list(c.execute('SELECT * FROM dummy WHERE x=1'))   # [(1, 'a')]  (correct)
list(c.execute('SELECT * FROM dummy WHERE y=1'))   # [(3, 1)]    (incorrect)
list(c.execute('SELECT * FROM dummy WHERE x="1"')) # [(1, 'a')]  (incorrect)
list(c.execute('SELECT * FROM dummy WHERE y="1"')) # [(3, 1)]    (correct)

Turns out SQL does not respect data types either!

It gets worse! Even pandas has this bug.

Turns out that even pandas has this problem. For pyspark and SQL, this problem appears to be a consistent design issue but for pandas this problem appears to be bug instead of a design choice. I used pandas version 0.25.3 for this experiment.

pdf['x'].isin([1]).sum()  # 1 (correct)
pdf['y'].isin([1]).sum()  # 0 (correct)
pdf['x'].isin(["1"]).sum()  # 1 (incorrect)
pdf['y'].isin(["1"]).sum()  # 1 (correct)

Note how only the third line in the above snippet returns incorrect results. This indicates that pandas ignores the data type sometimes but not always. Further, in the case of pandas the problem is only in the .isin method and not in general (like in SQL and pyspark), as shown by the following example that does not use .isin.

# Results are correct when we don't use pd.Series.isin() method
pdf['x'].apply(lambda x: x == 1).sum()   # 1 (correct)
pdf['y'].apply(lambda y: y == 1).sum()   # 0 (correct)
pdf['x'].apply(lambda x: x == "1").sum() # 0 (correct)
pdf['y'].apply(lambda y: y == "1").sum() # 1 (correct)

(pdf['x'] == 1).sum()    # 1 (correct)
(pdf['y'] == 1).sum()    # 0 (correct)
(pdf['x'] == "1").sum()  # 0 (correct)
(pdf['y'] == "1").sum()  # 1 (correct)

Looking even deeper into the pandas.Series.isin method, we see that it relies upon the pandas.core.algorithms.isin function. Lines 452-453 (in pandas version 0.25.3) contain the following code (comments are mine):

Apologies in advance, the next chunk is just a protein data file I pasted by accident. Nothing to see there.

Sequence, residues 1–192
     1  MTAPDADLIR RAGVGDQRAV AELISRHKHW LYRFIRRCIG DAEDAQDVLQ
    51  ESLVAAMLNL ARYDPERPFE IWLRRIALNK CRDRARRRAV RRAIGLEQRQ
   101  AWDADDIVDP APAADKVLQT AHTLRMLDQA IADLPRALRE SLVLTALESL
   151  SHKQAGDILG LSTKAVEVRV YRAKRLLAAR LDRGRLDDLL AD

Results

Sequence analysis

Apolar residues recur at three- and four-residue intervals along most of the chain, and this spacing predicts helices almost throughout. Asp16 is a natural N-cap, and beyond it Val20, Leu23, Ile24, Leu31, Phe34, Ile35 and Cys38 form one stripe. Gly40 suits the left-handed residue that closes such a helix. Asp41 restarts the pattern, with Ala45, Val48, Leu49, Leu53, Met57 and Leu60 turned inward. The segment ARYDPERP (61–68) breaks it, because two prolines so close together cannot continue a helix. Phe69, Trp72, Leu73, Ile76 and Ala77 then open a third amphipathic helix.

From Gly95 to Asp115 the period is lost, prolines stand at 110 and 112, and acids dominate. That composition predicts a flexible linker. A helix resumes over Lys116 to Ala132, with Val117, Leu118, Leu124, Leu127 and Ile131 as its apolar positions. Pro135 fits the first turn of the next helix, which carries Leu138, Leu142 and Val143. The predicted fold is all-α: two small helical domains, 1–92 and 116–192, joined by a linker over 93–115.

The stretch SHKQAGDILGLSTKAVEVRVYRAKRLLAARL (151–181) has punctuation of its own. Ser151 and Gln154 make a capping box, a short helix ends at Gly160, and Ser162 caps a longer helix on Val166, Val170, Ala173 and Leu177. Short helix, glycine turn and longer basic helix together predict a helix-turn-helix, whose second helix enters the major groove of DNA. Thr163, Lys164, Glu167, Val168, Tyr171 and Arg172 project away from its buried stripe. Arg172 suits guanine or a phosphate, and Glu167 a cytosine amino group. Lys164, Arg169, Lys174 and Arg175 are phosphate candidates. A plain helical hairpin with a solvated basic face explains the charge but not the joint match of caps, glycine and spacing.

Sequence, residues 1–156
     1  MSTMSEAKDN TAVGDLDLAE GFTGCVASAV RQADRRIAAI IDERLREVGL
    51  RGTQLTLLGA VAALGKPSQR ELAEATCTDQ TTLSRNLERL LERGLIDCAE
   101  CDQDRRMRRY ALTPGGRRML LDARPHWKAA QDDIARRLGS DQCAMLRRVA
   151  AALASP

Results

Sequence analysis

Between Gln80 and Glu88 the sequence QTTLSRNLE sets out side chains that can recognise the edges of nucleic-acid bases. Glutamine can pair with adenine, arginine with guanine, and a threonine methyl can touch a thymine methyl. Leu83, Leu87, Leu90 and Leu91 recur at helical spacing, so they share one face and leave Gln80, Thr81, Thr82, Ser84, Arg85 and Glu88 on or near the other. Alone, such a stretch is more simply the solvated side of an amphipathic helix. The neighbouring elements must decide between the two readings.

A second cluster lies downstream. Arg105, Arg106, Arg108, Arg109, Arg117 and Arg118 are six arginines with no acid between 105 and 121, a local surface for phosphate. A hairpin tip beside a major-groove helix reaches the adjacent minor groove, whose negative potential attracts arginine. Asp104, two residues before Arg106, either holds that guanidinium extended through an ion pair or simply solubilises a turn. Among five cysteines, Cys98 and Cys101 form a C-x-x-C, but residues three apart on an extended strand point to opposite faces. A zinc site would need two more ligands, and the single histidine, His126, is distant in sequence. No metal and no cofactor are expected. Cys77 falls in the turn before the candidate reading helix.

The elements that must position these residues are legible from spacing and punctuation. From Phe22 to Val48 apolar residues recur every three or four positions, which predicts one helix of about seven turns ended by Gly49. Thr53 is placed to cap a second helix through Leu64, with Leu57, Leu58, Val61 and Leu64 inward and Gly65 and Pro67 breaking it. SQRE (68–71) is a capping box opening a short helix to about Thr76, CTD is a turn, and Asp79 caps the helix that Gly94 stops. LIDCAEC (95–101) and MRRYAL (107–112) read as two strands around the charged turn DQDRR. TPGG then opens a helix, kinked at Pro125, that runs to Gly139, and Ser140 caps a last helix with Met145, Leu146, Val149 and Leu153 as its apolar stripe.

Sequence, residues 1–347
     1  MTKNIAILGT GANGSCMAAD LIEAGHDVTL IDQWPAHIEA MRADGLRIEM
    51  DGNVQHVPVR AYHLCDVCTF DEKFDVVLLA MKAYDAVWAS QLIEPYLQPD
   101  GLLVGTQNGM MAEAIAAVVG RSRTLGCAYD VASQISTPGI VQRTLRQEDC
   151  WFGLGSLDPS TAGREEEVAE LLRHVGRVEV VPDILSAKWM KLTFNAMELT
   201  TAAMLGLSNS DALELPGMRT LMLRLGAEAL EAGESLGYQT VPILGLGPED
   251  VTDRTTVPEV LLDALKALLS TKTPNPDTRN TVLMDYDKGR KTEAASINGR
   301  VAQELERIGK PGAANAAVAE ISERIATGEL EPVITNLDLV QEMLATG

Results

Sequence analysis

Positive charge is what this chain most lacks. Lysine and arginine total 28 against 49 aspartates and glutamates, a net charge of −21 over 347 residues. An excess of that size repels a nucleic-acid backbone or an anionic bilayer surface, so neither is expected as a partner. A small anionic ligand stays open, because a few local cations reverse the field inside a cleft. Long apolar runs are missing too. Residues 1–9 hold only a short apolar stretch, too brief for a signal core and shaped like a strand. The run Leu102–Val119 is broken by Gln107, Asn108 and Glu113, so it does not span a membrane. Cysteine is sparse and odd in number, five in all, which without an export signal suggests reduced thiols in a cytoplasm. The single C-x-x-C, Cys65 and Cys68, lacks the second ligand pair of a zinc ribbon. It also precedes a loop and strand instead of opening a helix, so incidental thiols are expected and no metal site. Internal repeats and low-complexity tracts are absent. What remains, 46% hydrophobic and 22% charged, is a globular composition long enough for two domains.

# Lines 452-453 in pandas 0.25.3
comps, dtype, _ = _ensure_data(comps)              # comps = elements of the column
values, _, _ = _ensure_data(values, dtype=dtype)   # values = list of values passed to `.isin`

As you can see, values get type casted into the dtype of the column. We can verify this by actually running the code ourselves.

from pandas.core.algorithms import _ensure_data
comps = pdf['x']
values = ["1"]  # str
comps, dtype, _ = _ensure_data(comps)
print(dtype)  # int64
values, _, _ = _ensure_data(values, dtype=dtype)
print(values)  # [1]
print(values.dtype)  # int64

The reason why this does not affect column y in pdf above is because _ensure_data returns dtype=object for column y. Searching pandas GitHub issues, we see that this bug has been brought up before but was somehow ignored.


Spark and SQL ignore data types when filtering on equality. This seems to be a design issue and is consistent throughout (or at least as far as I can see). Pandas, on the other hand, exhibits this problem inconsistently which may lead to complacency.

For end users, the best way to prevent this mistake is to always manually ensure that the data types of the column match the data type of every value in a list values used for equality filtering.